Mad Men Seasons 1-3

Posted: 21st April 2010 by Mister Critic in TV
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It is the show that makes you wonder what your grandparents really were doing during the good old days.

Mad Men follows the lives of several individuals working on Madison Avenue (hence the title Mad Men) in New York City at the advertising agency Sterling Cooper starting with season one in the mid-1950 to season 3 ending around the mid-1960s.


I started watching Mad Men on DVD soon after having watched Revolutionary Road, a movie about a similar time period focusing on the lives of a suburban couple in the 1950s. I did not like Revolutionary Road (maybe to be discussed in a different review), so I was concerned Mad Men would end up a cheap knock off in comparison.  I was very happy that I was wrong.

My favorite thing about this show is seeing the inner workings of an advertising agency. You watch as the accounts men scramble to secure a company’s business, taking them out to two-three-four martini lunches, or illicit after hours activities. Once the client is on board, it is up to creative to pitch the great ideas. I love to see what the boss will say about a certain idea, and trying to figure out what would be the best campaign.  The beset answer the main character gives as to why a certain ad works is: “Because men want her and women want to be her.” That slogan works for everything…except for STD public service announcements.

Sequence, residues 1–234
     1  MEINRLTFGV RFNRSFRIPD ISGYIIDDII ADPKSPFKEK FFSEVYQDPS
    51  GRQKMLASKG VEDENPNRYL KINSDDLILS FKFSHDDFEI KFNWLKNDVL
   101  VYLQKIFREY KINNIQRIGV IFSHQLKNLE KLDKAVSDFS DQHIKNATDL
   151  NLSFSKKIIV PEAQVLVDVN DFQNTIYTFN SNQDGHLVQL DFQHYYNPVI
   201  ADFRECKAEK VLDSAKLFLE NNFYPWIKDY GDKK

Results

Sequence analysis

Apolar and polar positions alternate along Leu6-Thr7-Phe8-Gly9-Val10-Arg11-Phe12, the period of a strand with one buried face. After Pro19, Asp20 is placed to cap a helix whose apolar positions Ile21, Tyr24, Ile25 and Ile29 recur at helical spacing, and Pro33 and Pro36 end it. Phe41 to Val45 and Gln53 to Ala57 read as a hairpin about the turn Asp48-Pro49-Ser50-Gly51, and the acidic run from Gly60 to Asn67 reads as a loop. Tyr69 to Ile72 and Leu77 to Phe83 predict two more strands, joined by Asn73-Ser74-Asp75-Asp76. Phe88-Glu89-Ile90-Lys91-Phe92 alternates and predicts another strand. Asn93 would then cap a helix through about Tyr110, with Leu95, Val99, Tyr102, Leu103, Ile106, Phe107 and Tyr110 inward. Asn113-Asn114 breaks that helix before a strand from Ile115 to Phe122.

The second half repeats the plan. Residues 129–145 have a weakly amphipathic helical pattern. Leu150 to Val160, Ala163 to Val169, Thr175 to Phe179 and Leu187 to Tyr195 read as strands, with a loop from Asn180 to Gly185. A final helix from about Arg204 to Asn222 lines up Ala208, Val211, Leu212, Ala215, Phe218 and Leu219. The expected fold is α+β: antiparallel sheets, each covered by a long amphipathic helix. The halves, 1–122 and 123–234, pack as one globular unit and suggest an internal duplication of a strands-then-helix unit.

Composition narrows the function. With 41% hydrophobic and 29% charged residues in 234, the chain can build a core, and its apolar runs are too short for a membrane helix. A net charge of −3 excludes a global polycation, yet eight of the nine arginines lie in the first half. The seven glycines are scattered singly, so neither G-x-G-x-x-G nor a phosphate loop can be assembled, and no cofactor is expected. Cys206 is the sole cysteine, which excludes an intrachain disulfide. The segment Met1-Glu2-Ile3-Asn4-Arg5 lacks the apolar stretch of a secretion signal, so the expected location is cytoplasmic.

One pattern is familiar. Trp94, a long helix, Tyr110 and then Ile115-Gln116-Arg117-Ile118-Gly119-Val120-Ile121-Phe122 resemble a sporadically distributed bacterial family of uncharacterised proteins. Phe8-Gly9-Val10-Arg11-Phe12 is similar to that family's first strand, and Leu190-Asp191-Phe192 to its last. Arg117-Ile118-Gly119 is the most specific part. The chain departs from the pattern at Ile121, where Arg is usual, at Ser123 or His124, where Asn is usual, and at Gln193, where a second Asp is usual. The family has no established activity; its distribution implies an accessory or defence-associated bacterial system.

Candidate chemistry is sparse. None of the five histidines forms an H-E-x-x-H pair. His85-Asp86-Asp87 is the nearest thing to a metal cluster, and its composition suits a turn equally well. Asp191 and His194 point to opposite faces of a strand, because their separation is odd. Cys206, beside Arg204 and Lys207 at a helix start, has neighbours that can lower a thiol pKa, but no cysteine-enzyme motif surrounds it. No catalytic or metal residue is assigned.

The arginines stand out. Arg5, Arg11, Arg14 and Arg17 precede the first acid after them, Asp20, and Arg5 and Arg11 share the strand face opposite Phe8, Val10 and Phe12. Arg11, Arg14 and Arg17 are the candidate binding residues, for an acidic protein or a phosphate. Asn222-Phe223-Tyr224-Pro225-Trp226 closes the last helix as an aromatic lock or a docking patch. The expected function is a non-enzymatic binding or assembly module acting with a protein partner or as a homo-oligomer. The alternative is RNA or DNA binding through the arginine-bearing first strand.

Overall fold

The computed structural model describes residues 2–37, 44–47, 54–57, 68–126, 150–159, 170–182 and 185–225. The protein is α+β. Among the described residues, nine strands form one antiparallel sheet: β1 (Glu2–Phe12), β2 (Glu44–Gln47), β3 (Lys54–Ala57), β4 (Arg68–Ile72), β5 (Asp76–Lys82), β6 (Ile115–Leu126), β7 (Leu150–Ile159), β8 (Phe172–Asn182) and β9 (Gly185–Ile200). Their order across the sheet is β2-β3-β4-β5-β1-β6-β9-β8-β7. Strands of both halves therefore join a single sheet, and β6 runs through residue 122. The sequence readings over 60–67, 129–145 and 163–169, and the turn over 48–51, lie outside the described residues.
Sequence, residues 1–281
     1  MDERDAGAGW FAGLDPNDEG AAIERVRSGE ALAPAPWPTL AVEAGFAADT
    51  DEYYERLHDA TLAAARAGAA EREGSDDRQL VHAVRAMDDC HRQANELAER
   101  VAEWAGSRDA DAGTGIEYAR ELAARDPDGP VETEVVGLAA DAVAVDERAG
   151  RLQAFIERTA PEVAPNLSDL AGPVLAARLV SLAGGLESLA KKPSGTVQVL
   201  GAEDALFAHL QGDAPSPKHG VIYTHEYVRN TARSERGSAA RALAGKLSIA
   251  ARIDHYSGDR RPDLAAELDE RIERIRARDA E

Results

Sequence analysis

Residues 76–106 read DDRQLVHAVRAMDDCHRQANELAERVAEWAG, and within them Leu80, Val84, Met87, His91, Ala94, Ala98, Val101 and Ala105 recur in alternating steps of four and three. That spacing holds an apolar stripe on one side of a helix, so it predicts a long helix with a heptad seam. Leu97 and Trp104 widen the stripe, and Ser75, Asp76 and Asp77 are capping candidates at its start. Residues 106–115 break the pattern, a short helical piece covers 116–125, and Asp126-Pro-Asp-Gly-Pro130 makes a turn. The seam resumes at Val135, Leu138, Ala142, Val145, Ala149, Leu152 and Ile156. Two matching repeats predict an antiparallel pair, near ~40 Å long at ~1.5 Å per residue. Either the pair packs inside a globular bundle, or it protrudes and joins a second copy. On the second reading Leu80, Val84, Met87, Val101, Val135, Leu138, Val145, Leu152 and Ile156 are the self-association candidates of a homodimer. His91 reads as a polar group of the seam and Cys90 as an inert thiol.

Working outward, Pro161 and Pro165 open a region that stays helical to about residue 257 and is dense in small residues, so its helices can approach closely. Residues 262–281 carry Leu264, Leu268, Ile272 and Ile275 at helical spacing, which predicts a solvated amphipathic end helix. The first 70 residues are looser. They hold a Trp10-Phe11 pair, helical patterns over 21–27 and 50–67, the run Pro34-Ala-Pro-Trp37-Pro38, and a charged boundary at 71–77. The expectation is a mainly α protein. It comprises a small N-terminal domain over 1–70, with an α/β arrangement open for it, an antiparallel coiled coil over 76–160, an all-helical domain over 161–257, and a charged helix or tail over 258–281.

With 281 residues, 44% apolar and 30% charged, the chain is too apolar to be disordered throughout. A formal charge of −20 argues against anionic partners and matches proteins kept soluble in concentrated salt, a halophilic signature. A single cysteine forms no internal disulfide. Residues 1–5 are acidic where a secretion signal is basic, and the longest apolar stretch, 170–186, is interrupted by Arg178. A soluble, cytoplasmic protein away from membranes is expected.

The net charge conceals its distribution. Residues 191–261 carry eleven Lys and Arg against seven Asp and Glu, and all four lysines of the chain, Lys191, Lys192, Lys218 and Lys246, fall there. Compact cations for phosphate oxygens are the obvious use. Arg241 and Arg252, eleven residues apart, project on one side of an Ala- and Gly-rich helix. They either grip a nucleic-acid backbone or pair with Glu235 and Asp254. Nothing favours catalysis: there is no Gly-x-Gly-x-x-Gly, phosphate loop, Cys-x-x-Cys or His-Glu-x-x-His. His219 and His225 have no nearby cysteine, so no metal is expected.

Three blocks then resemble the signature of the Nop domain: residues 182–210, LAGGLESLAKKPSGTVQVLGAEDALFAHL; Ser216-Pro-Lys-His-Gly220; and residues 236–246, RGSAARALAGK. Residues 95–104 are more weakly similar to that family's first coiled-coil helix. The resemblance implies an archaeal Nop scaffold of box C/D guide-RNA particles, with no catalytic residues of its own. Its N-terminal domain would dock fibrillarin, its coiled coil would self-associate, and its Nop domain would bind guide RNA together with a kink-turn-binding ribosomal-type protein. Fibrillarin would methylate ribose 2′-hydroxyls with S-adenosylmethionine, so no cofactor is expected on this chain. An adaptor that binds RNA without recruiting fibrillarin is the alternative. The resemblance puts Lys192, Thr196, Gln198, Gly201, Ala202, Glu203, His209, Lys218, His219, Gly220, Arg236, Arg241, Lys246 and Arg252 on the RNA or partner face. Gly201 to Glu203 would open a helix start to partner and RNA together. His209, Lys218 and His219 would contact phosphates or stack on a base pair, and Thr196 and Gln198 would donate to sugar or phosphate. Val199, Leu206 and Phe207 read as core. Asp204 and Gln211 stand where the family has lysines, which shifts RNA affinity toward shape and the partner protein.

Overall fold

Having watched the show on DVD in three hour blocks, I cannot really say that any one episode stood out to me.  Instead, I take the show as a whole and the thing I like best is its characters. There is the young woman trying to make it in a man’s world.  There is the closeted gay man trying to hide his true self from the prejudiced workplace. The entire cast is filled with superb actors, and although there is no character free from blemish, I dare you not to root for at least one person in this show.

Most fascinating to me is the main character Don Draper, the confident ad man with a secret background.  At times, he is so suave, all knowing and untouchable, and yet at other times so human and hurt. He is a character that gets a chance to remake himself from a poor farm boy into a rich family man and yet he is still unsatisfied for reasons he will never comprehend.  Draper embodies an archetype of the modern American man, one I have actually witnessed in real life, striving to pull himself up by his bootstraps, searching for success and no matter what has been achieved, he cannot be happy.  Or is he just a selfish prick that likes to hurt people?  Watch the show and decide for yourself.  And even though you may not agree with his choices or like his behavior, on some level isn’t it true? Women want him and men want to be him.

Mad Men will return for its fourth season on AMC on July 25


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